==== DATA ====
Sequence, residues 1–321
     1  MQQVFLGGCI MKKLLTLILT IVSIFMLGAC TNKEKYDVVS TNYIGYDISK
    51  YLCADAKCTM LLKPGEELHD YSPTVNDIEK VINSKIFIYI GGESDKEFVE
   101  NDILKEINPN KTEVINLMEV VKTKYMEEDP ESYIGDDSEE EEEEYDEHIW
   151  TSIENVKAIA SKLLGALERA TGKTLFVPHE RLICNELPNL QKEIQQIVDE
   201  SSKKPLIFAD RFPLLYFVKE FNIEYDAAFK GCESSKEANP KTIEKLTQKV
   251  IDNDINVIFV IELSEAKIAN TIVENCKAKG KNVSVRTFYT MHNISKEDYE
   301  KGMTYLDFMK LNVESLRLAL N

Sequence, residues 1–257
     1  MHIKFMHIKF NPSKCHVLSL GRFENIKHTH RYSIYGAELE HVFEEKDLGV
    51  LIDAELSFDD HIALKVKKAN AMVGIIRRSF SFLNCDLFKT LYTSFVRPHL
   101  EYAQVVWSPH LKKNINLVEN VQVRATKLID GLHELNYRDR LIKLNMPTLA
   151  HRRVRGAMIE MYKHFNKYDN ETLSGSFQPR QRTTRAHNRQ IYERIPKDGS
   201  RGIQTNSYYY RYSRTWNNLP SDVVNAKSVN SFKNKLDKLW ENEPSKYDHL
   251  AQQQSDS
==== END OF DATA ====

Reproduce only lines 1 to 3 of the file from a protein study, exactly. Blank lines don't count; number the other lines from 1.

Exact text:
Sequence, residues 1–321
     1  MQQVFLGGCI MKKLLTLILT IVSIFMLGAC TNKEKYDVVS TNYIGYDISK
    51  YLCADAKCTM LLKPGEELHD YSPTVNDIEK VINSKIFIYI GGESDKEFVE